Jurassic Park’s Dino Clones From Amber-Encased Insects Will Forever Remain Fiction

By Joelle Renstrom | Updated

This article is more than 2 years old

bug in amber

It’s not often that the “Could this happen?” question in science is answered with a no. This looks like one of those times. The sad news? It doesn’t seem as though we’ll be able to clone dinos from DNA like they did in Jurassic Park. That’s right, Hollywood lied to us. Feeling betrayed? Me too. Just a little.

Scientists from the University of Manchester tried, but were ultimately unsuccessful at extracting DNA from insects trapped in amber for over 10,000 years. In fact, they even went so far as to say that it’s probably impossible to extract usable DNA from dinosaur-aged samples. Let’s all take a moment to be collectively disappointed.

The scientists were working with bees in copal, which is hardened tree resin that forms before amber. The samples they used were between 60 and 10,600 years old, and while they were able to extract some nucleotides (which form the building blocks of DNA) in the younger specimens, they didn’t find a trace of ancient DNA. They also weren’t able to match the nucleotide sequences to the modern equivalent of the bees.

Remember the explanation video John Hammond shows Ian Malcolm, Ellie Sattler, and Dr. Grant after their arrival at Jurassic Park? At least at the time, that seemed somewhat plausible to me. I guess the University of Manchester scientists thought so too: “Intuitively, one might imagine that the complete and rapid engulfment in resin, resulting in almost instantaneous demise, might promote the preservation of DNA in a resin entombed insect, but this appears not to be the case,” said team member David Penney. Their entire article is available at PLOS One in case you want to read more about why you’ll never be able to escape (or be eaten by, if that’s more your thing) a velicoraptor.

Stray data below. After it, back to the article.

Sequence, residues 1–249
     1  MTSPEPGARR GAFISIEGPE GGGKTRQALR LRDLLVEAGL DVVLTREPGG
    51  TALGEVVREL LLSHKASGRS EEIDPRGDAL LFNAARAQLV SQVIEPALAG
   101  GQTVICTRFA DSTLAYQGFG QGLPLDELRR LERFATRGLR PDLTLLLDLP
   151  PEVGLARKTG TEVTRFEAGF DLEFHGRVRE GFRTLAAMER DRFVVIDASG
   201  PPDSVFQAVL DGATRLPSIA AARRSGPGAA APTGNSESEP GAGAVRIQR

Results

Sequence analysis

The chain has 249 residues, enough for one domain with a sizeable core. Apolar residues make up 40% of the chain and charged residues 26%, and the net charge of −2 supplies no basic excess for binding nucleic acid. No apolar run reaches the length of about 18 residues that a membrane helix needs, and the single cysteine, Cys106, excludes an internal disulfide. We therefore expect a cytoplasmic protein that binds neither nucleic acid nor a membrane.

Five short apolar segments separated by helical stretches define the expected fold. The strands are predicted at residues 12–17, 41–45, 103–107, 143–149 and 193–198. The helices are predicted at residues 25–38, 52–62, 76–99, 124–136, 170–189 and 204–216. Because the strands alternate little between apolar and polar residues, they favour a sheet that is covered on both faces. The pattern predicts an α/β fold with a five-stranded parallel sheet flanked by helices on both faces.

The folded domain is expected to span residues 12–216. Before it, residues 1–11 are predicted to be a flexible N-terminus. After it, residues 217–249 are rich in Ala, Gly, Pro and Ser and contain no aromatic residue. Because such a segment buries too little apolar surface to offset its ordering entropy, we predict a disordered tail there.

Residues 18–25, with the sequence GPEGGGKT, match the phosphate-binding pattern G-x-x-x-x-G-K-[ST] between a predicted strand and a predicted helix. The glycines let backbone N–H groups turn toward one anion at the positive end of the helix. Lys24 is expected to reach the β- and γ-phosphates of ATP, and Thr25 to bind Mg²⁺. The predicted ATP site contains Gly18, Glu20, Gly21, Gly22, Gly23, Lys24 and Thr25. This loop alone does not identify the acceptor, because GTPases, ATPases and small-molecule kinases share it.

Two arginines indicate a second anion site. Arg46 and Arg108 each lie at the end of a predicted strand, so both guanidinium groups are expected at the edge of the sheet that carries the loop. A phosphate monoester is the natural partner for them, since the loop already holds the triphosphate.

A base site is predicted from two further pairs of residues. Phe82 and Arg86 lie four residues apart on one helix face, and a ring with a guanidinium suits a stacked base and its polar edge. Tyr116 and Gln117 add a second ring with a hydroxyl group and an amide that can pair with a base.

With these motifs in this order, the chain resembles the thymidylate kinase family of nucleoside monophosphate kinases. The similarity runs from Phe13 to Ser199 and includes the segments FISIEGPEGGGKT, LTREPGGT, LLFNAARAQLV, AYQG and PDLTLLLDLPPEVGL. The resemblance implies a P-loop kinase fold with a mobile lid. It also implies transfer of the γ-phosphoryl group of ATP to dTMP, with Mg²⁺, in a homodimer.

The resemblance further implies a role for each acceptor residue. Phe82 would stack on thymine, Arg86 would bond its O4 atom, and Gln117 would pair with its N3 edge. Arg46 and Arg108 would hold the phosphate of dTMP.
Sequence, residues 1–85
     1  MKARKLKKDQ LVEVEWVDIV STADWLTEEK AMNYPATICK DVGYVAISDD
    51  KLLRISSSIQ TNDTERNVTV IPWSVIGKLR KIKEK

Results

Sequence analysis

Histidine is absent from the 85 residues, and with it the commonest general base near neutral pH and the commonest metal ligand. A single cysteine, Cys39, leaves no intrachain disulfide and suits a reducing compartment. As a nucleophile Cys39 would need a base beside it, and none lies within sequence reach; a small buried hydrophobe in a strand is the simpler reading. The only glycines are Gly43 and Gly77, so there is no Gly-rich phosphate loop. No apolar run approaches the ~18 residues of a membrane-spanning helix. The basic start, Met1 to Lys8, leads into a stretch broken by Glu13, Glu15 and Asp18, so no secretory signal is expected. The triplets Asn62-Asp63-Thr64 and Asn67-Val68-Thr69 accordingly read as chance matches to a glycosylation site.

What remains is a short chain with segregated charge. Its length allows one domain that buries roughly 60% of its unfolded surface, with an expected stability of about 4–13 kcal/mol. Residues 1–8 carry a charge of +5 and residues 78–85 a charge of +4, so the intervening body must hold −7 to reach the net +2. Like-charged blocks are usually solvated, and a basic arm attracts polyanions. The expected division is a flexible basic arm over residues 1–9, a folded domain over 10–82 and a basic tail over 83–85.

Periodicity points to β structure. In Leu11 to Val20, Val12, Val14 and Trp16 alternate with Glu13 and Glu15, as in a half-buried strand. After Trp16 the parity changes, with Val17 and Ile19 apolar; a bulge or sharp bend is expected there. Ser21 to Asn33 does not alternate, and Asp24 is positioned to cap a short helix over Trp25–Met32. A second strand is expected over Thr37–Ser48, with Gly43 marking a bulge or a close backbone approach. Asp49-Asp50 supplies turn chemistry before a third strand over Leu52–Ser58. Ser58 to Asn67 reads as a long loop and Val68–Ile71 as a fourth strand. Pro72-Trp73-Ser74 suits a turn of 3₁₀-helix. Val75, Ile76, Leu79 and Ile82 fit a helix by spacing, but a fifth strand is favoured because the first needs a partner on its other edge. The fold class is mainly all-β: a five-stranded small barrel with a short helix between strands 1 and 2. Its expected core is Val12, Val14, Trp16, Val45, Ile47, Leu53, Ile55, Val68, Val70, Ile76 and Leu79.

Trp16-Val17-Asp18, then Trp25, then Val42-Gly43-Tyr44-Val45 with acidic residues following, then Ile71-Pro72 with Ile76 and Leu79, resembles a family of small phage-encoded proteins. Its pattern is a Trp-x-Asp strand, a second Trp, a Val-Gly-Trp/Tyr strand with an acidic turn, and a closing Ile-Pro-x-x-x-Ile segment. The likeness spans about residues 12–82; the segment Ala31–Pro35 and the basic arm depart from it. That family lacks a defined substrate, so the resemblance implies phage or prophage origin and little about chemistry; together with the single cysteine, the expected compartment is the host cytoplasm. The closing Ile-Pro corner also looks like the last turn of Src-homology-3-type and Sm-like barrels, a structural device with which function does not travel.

Their study confirms findings by a team from New Zealand last year that the half-life of DNA is about 521 years. Even in ideal circumstances, every trace of DNA would disappear in fewer than seven million years, and would likely be unusable after about 1.5 million. Given that dinosaurs were around some 65 million years ago, it’s not surprising that further examination would find that attempts to clone a T-Rex are futile. Don’t worry, though — we’re still trying to clone John Lennon, woolly mammoths, and Neanderthals, all of which are, at least theoretically, young enough. And we’ve already been able to bring back at least one extinct species — the Pyrenean ibex.

Pyrenean ibex

Also, Pleistocene Park, which is clearly the closest we’ll get to Jurassic Park, offers a Siberian habitat that would be the perfect proving ground for some resurrected species, such as extinct horses, oxen, or, eventually, the woolly mammoth. Maybe.

Now that Jurassic Park is out of the question, that vacation to space is looking better and better.